My 17-year-old daughter has dated a few boys in high school. I know the relationship is getting serious when I see her wearing their hoodie.

The author says that she knows when her daughter is dating someone because she wears the boyfriend’s hoodie.

I know my daughter is dating someone when she starts wearing their hoodie. I didn’t know this was a thing, and she had to explain it to me the first time. Some hoodies have been returned, others cut up, and one is still in our guest room. 

The first time I saw one was the summer before my daughter’s freshman year of high school.

“Where did you get that?” I asked. She was wearing a clearly pre-owned hoodie that I had no recollection of buying.

“Oh, it’s Ben’s,” she said, mentioning the name of the boy she’d been talking to.

“Why are you wearing it?” I questioned, perplexed that she was wearing it not only because it was a boy’s but because it was stiflingly hot outside.

“That’s what you do, Mom. You wear your boyfriend’s hoodie.”

I blinked in surprise, two things in our conversation standing out to me. First, she and this boy had moved from the talking stage to being boyfriend and girlfriend. Second, I had no idea it was popular nowadays to wear your boyfriend’s sweatshirt.

I wore my high school boyfriend’s ring around my neck

When I dated my high school boyfriend in the last millennium, I wore his class ring on a necklace for a semester. It made me feel closer to him and was a visible symbol that I was dating someone. I stopped wearing it because it was a behemoth of a ring and uncomfortable clunking against my chest.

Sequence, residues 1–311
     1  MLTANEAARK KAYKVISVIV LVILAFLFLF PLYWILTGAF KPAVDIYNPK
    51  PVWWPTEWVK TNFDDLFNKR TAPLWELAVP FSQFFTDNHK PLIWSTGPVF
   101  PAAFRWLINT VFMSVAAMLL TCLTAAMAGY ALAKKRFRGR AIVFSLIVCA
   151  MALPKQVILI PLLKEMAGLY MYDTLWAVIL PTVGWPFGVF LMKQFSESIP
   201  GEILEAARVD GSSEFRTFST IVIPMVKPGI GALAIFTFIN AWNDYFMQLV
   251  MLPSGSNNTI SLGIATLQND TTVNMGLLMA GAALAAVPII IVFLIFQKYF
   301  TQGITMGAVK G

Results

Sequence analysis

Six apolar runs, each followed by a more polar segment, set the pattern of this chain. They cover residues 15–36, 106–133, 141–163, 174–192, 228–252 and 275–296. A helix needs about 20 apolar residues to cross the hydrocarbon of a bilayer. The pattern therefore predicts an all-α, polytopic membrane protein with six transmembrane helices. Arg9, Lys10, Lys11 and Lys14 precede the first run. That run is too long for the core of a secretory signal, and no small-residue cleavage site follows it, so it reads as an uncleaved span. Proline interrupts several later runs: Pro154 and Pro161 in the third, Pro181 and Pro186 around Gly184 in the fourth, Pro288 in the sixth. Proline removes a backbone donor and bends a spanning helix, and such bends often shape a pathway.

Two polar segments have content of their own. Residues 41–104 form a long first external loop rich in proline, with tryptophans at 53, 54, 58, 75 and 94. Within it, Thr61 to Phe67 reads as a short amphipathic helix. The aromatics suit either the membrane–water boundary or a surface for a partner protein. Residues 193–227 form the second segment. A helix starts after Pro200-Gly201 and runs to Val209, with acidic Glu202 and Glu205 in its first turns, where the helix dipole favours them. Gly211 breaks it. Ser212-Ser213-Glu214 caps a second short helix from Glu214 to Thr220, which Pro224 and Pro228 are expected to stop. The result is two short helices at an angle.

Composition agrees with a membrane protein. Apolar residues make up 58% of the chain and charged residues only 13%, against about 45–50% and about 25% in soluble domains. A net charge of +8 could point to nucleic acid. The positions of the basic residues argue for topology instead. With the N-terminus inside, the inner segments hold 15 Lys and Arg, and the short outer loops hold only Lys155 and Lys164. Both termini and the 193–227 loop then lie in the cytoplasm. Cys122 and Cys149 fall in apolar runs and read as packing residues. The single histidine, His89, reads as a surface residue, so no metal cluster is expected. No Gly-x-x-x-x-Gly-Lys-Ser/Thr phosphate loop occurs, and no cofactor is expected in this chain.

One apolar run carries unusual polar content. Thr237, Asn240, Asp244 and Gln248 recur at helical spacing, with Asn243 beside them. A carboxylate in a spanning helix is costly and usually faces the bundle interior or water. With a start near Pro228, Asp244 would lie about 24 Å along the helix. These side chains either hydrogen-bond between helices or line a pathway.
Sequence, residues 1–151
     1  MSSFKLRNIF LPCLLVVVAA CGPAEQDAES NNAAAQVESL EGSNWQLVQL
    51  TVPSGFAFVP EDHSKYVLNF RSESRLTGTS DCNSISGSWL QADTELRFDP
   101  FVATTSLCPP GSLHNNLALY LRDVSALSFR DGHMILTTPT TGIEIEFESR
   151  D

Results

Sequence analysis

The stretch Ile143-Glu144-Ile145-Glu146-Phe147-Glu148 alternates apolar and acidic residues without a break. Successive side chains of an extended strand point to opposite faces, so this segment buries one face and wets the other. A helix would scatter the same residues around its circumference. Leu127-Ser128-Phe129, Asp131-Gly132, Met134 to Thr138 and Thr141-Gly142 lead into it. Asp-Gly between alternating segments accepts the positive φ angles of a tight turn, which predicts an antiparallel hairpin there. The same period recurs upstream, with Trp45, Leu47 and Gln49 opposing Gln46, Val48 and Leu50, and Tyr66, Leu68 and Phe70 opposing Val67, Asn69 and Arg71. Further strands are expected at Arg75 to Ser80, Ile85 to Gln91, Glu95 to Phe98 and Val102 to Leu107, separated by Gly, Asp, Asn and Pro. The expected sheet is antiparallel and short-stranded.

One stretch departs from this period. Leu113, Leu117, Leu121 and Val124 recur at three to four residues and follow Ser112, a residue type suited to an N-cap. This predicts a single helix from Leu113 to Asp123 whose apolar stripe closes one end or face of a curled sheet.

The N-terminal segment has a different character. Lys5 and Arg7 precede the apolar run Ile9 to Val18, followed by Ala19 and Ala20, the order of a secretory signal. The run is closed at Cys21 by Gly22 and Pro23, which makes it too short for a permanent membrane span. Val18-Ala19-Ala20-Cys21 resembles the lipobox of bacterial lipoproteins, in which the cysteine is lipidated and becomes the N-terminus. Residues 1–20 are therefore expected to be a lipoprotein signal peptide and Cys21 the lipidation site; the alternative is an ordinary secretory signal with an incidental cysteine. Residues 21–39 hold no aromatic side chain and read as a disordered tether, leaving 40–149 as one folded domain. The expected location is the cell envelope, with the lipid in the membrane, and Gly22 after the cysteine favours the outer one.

Back then, it was also commonplace for girls to wear their boyfriend’s varsity letter jacket or sweater. I knew several girls at my high school who did that, as well as classic movie characters from my youth, such as Sandy in “Grease” and Cindy Mancini in “Can’t Buy Me Love.”

As it turns out, there’s actually a scientific reason girls wear their partner’s clothes, whether a hoodie like Gen Z prefers or a letter jacket as in the past. A 2018 study from researchers at the University of British Columbia found that women who wore something with their boyfriend’s scent felt calmer and had lower anxiety and stress when compared to women who wore something with a stranger’s scent.

Hoodies disappear when the relationship ends

My daughter’s new-to-her hoodie disappeared from her wardrobe a few weeks later. As did talk of Ben. I would learn that the breakup was amicable and his hoodie had been returned.

Another hoodie appeared about six months later and stayed around longer. This time, not only did the hoodie make an appearance in our house, but so did the boyfriend, who hung out with my daughter most weekends.

This was my daughter’s first serious boyfriend, and the amount of time she spent wearing his hoodie seemed proportionate to the seriousness of their relationship. When the relationship ran its course, the hoodie and the boyfriend stopped showing up at our house.

My daughter is 17 now, and a couple more hoodies haven’t fared as well as the first two. One hoodie ended up underneath her bed, cut into little pieces. That hoodie belonged to a boyfriend who cheated on her. The phrase “Hell hath no fury like a woman scorned” came to mind when I stumbled upon the shredded pieces.

Yet another hoodie remains in a bag in our guest room. My daughter wanted to give it back, exchanging it for the hair scrunchies she’d given this particular ex to wear on his wrist (another symbol of Gen Z coupledom). But the pain of this breakup and perhaps the finality of returning the hoodie have hampered any chance of a meet-up. There’s talk of donating this hoodie the next time we make a run to Goodwill.

I have no idea when the next hoodie will appear. It may be merely a phase or a fad. I hope eventually she finds one that is exciting yet comfortable, complements her, and lasts.

Read the original article on Business Insider

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